echo "one    two  three  four   " | cut -d" " -f 2-

will give you the same result


Perl solution:


perl -lane 'print "@F[3..$#F]"' file


perl -F'\t' -lane 'print join "\t", @F[3..$#F]' file

Here, the command-line flags are:
-e: tells perl interpreter to use the inline code rather than code in file.
-n: loops over the input one line at a time, assigning the input line to $_.
-l: strip the input line separator (new line in UNIX) before the code in the one-liner, and add the output line separator after the print.
-a: split each line in array @F, on whitespace by default.
-F: split on the provided pattern, rather than on whitespace.

@F[3..$#F]: fields with indexes from 3 to $#F (the last element of @F), indexes are zero-based.

  • 1
    if you're to use perl instead of awk, you can use split with a limit and easily preserve the original separators: perl -nle 'print((split " ", $_, 4)[3])' or perl -pe '$_ = (split " ", $_, 4)[3]'
    – user313992
    Jan 12, 2020 at 17:14

How about

awk 'sub ("^" $1 FS $2 FS $3 FS, _)' file
cb0 cb1 cb2 cb3 ct0 ct1 ct2 ct3  
  • Doesn't work with FS=' ' (the default) when the fields are separated by multiple spaces or tabs or combinations thereof. Also fails with FS='*' or FS='.'.
    – user313992
    Jan 12, 2020 at 16:19
  • 1
    also since first parameter of sub is regex so it will fail if one of columns 1 or 2 or 3 was containing characters other than alpha/num/alnum; for example when a line starts with [0-9] Jan 12, 2020 at 16:40

Tried in Python 2:

for i in k:
    k=i.strip().split(' ')[3:]
    print " ".join(k)


cb0 cb1 cb2 cb3 ct0 ct1 ct2 ct3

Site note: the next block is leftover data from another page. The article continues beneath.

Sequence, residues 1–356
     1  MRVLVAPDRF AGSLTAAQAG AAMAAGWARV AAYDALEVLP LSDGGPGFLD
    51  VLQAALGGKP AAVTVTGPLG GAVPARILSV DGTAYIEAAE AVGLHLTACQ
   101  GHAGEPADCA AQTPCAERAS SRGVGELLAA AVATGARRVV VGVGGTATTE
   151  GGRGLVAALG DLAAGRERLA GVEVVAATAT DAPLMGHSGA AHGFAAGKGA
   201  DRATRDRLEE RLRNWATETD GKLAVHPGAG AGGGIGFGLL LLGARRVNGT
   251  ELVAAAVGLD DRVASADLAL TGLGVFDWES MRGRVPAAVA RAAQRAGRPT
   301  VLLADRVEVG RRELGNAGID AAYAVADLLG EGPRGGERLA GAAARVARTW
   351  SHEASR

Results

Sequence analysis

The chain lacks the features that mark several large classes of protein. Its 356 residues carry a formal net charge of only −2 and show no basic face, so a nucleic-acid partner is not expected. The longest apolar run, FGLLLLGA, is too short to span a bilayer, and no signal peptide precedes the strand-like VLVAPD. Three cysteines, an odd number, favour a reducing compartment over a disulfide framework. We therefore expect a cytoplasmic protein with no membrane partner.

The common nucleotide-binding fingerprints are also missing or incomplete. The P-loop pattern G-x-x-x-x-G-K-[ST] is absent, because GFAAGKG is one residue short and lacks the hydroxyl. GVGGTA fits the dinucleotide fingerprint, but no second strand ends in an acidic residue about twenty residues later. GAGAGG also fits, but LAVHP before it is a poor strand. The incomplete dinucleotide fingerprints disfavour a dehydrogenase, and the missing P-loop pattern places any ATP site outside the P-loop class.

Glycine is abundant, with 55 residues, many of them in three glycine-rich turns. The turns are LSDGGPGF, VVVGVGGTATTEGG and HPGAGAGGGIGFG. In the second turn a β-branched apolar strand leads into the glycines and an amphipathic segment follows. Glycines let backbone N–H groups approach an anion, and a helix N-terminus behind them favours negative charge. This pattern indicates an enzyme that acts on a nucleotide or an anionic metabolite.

print insert a newline by default. Use printf instead of print

echo "vddp vddpi vss cb0 cb1 cb2 cb3 ct0 ct1 ct2 ct3" | awk ' { for (i=4; i<=NF; i++) printf "%s " ,$i }'

For multiple lines:

cat filename.txt | awk ' { for (i=4; i<=NF; i++) 
if (i==NF) 
printf "%s\n", $i
printf "%s ", $i
  • Didn't thought about multiple lines. Added the code for multiple line.
    – koolwithk
    Jan 13, 2020 at 15:33

Retain white space after the field(s) removed:

$ sed -E 's/^[[:blank:]]*([^[:blank:]]+[[:blank:]]*){3}//' file
$ awk '{sub(/^[[:blank:]]*([^[:blank:]]+[[:blank:]]*){3}/,"")};1' file
$ grep -oP '^[[:blank:]]*([^[:blank:]]+[[:blank:]]*){3}\K.*' file


There is a way to match fields with a regex: [[:blank:]]*[^[:blank:]]+.
Match an optional stream of blanks (space or tab) followed by an stream of non-blanks. If that pattern is repeated 3 times, 3 fields (with the leading white space) are matched. Then, those could be removed with any tool that is able to process regexes (with variations). Note that there may be white space before and/or after each field, that white space needs to be also matched. Matching any leading white space and the delimiting trailing white space will make the regex a bit longer: ^[[:blank:]]*([^[:blank:]]+[[:blank:]]*){n} where n is an integer that points to the last field matched.

Alternative with GNU awk:

$ awk -vrem=3 '{ 
                 print ""
              '  file

White space collapsed

$ awk '{$1=$2=$3=""; $0=$0; $1=$1 } 1 ' file      # thanks RudiC

You must log in to answer this question.

Not the answer you're looking for? Browse other questions tagged .